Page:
Unfortunately yours truly was not present in front of a computer during Friday night's 100th Anniversary game (Habs and Bruins) at Bell Centre in Montreal. But I have read some good reviews about it in cyber space. It sounds like fans are having some fun with it, and at the same time so surprised the CBC pulled something like this out of its bag of tricks!
Is it just me or is anyone else tired of hearing about upper and lower body injuries in hockey? Seems to me that before this season, the designation of upper and lower body happened only during the playoffs when the teams searched for any possible edge on their opponents.
Forrmer Red Wing, Jiri Hudler, reeling from a hit
during the 2009 Stanley Cup Playoffs
But this year we hear it constantly, now, during the season. Why? If we see one of our favorite players hardly able to walk, we can assume it’s a leg injury. If they go over the ice dragging their arm, the problem could be a shoulder injury. Why can’t we, as fans, know what’s wrong so we have some idea when the player will be coming back?
After all an upper body injury could be anything from a hangnail to a paper cut to a dislocated shoulder or cracked rib. A lower body injury? An ingrown toenail? Blisters? Torn ACL? How can we know? What if you are like me and travel to see teams. Maybe there is a particular player you really want to see in action. Right before you are to leave you get the news of the dreaded “upper body” injury. Should you cancel the trip? Hope he’ll recover from whatever the malady is in time for the game you are attending?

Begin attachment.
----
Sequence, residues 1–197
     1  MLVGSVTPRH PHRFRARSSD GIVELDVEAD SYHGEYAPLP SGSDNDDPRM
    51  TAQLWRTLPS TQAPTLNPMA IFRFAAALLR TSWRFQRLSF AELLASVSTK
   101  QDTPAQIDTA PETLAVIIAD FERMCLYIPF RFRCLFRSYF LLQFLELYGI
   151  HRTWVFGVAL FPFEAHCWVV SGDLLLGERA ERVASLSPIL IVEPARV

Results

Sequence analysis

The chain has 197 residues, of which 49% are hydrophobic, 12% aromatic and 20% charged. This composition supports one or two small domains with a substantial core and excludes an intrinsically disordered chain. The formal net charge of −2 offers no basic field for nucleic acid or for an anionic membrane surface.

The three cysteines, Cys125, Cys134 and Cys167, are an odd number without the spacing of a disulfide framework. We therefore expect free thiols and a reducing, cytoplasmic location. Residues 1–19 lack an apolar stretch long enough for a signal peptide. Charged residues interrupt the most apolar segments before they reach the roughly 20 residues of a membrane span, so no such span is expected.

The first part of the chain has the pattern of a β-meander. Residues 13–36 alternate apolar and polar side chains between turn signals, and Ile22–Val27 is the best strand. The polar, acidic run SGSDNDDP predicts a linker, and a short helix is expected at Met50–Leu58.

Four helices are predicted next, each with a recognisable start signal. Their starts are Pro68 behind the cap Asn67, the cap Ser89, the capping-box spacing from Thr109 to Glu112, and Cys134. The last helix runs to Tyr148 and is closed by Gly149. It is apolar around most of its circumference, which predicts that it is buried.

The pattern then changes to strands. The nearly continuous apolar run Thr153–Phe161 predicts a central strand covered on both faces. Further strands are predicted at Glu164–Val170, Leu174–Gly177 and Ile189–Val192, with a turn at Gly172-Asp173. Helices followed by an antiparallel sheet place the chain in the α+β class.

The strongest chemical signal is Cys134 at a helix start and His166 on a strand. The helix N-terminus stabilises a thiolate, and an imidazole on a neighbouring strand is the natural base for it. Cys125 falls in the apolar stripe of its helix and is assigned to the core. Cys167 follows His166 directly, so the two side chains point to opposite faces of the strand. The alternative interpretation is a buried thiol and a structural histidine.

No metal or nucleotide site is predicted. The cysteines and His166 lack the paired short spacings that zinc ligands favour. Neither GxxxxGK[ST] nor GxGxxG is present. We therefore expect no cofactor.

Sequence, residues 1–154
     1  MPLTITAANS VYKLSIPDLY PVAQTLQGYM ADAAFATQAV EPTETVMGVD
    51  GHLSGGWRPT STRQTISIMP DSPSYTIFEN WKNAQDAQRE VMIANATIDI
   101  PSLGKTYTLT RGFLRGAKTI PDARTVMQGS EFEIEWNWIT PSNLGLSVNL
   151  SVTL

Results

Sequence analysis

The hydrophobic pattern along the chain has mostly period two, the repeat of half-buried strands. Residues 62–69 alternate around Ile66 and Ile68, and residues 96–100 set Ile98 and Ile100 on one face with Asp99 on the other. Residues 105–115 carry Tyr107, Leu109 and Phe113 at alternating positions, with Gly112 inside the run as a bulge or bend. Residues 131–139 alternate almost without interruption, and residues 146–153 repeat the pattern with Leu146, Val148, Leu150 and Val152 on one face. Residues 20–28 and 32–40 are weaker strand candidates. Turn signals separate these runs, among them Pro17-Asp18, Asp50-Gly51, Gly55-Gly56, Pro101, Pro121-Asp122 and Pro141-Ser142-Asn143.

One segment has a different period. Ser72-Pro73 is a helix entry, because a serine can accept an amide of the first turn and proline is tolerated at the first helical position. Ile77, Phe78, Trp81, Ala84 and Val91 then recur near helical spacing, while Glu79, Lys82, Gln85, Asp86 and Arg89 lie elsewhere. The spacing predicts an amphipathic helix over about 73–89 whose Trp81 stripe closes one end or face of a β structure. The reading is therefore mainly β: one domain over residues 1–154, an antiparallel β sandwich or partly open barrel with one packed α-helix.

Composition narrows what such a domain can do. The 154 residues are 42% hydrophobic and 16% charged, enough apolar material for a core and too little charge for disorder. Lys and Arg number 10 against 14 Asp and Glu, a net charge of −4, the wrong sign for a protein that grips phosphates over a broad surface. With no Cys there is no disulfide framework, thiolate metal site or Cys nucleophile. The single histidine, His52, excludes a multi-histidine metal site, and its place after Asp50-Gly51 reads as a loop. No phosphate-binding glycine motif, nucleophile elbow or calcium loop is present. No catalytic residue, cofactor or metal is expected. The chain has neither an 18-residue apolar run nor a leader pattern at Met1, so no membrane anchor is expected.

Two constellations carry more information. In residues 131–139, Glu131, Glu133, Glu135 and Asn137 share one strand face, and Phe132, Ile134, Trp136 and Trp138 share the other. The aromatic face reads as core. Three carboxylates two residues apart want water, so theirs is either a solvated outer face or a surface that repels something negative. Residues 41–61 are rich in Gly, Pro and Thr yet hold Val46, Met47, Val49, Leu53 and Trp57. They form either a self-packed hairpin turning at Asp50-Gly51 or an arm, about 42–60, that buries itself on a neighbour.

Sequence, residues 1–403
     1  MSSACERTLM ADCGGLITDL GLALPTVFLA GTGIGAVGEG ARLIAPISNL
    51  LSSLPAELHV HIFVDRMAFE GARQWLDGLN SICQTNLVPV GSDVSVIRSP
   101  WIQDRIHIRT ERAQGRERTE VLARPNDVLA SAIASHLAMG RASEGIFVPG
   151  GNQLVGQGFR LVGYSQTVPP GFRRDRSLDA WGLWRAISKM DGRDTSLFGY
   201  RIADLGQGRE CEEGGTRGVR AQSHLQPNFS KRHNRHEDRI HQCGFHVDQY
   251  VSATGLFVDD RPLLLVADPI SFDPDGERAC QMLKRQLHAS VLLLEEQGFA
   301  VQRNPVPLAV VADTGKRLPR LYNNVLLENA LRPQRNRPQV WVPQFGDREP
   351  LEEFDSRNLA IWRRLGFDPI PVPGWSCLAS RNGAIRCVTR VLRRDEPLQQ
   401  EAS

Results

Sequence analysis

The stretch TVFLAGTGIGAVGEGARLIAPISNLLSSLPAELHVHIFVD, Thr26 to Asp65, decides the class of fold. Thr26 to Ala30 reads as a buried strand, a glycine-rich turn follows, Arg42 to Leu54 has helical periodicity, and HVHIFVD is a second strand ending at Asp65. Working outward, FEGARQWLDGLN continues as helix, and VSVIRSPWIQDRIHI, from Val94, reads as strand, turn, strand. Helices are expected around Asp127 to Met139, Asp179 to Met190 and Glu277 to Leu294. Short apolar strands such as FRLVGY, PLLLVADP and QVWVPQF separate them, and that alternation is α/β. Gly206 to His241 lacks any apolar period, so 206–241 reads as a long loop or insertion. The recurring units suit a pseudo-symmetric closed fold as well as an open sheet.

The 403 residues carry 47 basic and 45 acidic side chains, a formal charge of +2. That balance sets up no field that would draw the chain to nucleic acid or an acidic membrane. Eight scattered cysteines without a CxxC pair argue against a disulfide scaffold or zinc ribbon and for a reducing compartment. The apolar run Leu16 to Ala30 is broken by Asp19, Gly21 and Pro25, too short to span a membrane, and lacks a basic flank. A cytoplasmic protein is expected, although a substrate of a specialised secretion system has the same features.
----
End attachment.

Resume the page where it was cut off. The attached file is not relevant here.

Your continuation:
Or am I being too harsh? Does non-reporting of injuries keep the players who have shoulder injuries from being slammed into the boards with a little extra gusto when they return to the lineup?
The Pittsburgh Penguins stated earlier this year that they would be willing to say what the player injuries are, but if they did, they put their players at a disadvantage because the other teams aren’t fessing up. I just don’t like surprises, good or bad. If a player is hurt, I’d like to know what the problem is so I can have some kind of feel for when he might play again. I just wonder why this is happening this year when it hasn’t before.
Injuries and More Injuries
Maybe I’m just noticing this lack of reporting because there have been so many major injuries to so many big name players. According to USA Today, more than 230 players have missed at least one game with injury. Some teams have been fielding, in essence, minor league teams because so many of the regular players are out. Cam Ward, Carolina goalie, suffered a horrible cut from a skate while broken arms and legs, torn up knees and assorted other major problems have kept a plethora of players out of lineups. Poor Ottawa goalie, Pascal Leclaire, was just sitting on the bench when a puck came out of nowhere, struck him in the face and fractured his cheekbone. And how about Florida goalie, Tomas Vokoun, who suffered the ultimate – a smack in the head from his own defenseman! Angry, that he’d let in a goal, Keith Ballard, swung his stick with a lot of force, meaning to hit the goal post. Unfortunately, Vokoun’s ear got in the way and he crumpled to the ice, bloodied and dazed. He was taken off the ice on a stretcher. Talk about a tough day at the office!
Hopefully, this won’t be reported as an “upper body” injury, since everyone in the hockey world saw what happened – but I won’t be surprised if it is.